Pdf Download [The Lost Rivers of London: A Study of Their Effects Upon London and Londoners, and the Effects of London and Londoners on Them] Ñ Nicholas Barton
T no longer exist3 Mill in London street names and neighborhoods correspond to now gone mills4 People can dump so many agriculture products like animal carcasses and plant matter to clog large waterways5 streams and creeks run today through the basements of old buildings right out in the open6 The first large scale London water supply project sed hollowed logs as pipes spraying water constantly over the entire city via leaks and creating sinkholes7 Churches ran the mills hence the prevalence of the name still in places and acted like small businesses than houses of worship8 You can Tiny Tyrant use tides to operate mills taking water into holding ponds during high tide and releasing it during low tide to work machinery9 London was still ass backwards well into the 20th century I am glad I live where I doLots of interesting tidbits in here and LOTS of photos and drawings Without sounding like a kid it was the visuals that made this such an interesting read It would have been dry white toast without However as this is an exhuastive list of waterways there are also pages and pages of descriptions of ditches that may or may not have existed 500 years ago This is not an exaggeration Excellent a veryseful resource A lovely book for anyone with an interest in places and landscape and history too of course Geography in other words This would of course also appeal particularly to anyone with knowledge of or an interest in the history of London A thorough study of various rivers which have in many cases vanished from sight such as the Fleet the Tyburn and the Westbourne where traces of them persist and can still be seen where some of them although invisible still affect what happens on the surface There are some very interesting sections towards the end of the book looking at the impact some of them have had and perhaps continue to have on health including the persistent viruses which have occurred in London over centuries and the possibility that many of London s ghost stories might actually be attributable to buried rivers too such as the sounds of swishing silk skirts and other noises which could be water related Lots of references and a really informative pull out map showing where the lost rivers are So good that we booked a walking to. Ed by scholars and general readers alike It remains the only comprehensive study of those water courses now buried which sometimes make themselves evident in heavy rains or at the dig of an nwary builder’s earth removerMany have become part of London’s complex sewer system; others still run sweetly enough to have recreational se.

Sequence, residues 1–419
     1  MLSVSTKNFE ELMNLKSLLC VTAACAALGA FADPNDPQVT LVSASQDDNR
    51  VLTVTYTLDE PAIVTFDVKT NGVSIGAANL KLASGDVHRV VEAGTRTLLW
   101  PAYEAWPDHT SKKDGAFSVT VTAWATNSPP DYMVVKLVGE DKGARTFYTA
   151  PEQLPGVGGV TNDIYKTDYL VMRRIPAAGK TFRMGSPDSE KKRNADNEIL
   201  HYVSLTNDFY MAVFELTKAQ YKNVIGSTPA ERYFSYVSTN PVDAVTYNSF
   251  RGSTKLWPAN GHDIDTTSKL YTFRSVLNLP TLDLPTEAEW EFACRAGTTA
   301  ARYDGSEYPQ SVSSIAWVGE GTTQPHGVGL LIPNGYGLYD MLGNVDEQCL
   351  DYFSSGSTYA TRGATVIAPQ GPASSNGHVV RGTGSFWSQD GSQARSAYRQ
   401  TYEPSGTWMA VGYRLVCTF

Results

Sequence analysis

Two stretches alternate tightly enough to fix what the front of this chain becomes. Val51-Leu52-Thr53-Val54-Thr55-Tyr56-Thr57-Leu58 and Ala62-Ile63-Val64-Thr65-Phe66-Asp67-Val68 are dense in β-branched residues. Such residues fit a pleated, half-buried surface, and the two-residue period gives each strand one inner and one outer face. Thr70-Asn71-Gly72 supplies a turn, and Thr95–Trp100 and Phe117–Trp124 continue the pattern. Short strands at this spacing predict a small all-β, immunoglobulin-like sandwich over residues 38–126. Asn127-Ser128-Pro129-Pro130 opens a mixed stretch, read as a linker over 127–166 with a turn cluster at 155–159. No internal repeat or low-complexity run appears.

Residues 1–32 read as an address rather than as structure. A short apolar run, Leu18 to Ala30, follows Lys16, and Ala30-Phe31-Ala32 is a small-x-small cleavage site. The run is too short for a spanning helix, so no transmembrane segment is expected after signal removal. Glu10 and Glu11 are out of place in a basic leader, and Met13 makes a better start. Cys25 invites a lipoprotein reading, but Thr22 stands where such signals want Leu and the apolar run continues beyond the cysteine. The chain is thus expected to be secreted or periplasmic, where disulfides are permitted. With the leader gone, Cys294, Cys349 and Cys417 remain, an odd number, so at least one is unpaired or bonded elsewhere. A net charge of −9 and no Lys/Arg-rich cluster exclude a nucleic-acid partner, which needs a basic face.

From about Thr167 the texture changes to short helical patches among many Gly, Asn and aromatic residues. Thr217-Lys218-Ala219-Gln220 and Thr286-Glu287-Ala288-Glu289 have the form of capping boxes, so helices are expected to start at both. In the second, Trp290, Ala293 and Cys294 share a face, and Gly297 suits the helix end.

Ur with the author He took The Runaway and the Cattleman us from the top of Hampstead Heath to the point where one of the lost rivers rose It was frosty so we saw a trickle of the infant Fleetnder a think lace of ice and moss Thank you Nicholas Barton Very interesting to read where all the lost rivers are flowing now concealed in sewers etc very much enjoyed all references to the Wandle which still flows above ground and still has the odd kingfisher fishing in it Did you know that a wide pipe crossing London s Sloane Suare Station contains the River Westbourne Or that the New River that runs through Islington is not really a river but a man made water conduit Or that the Neckinger is the name of a small stream that ran through south LondonThis and much much can be learned from Barton s fascinating book about the tributaries of the River Thames many of which are hidden from view todayI first encountered the book in my school library soon after it was first published in 1962 and was enthralled by its wealth of detail superb maps interesting illustrations and scholarly text It was only recently that I obtained a copy of its 1982 reprint and I am still impressed by itThis is a book which will be of interest to all who love London Interesting and nusual book on the various tributaries of the Thames which no longer exist as open water rivers Most if not all of the rivers discussed such as the Fleet Tyburn Westbourne and Walbrook became progressively polluted and were eventually culverted and incorporated into the London sewerage by the mid 19th Century In parts the book in contrast to the rivers it describes is rather dry when describing the known or believed course Seminal book on the lost rivers of London nothing has bettered the research in this book There are prettier ones now but they are all based on this one also a great source list in the back for further research if so inclined This book is rather small in format which is a pity as it consists mainly of photos that I would have liked to take a closer look at The info added to the photos and rivers was always only a few sentences and I really would have wished for info older photos or drawings to have comparisonsbut I guess that this was not the author s who is also the photographer intention. In the past they have formed boundaries dictated the course of roads and influenced the location of industry In these ways and others they have contributed to the history of LondonNicholas Barton’s book has long been out of print and much sought after It is reissued complete with all the illustrations and the invaluable fold out ma.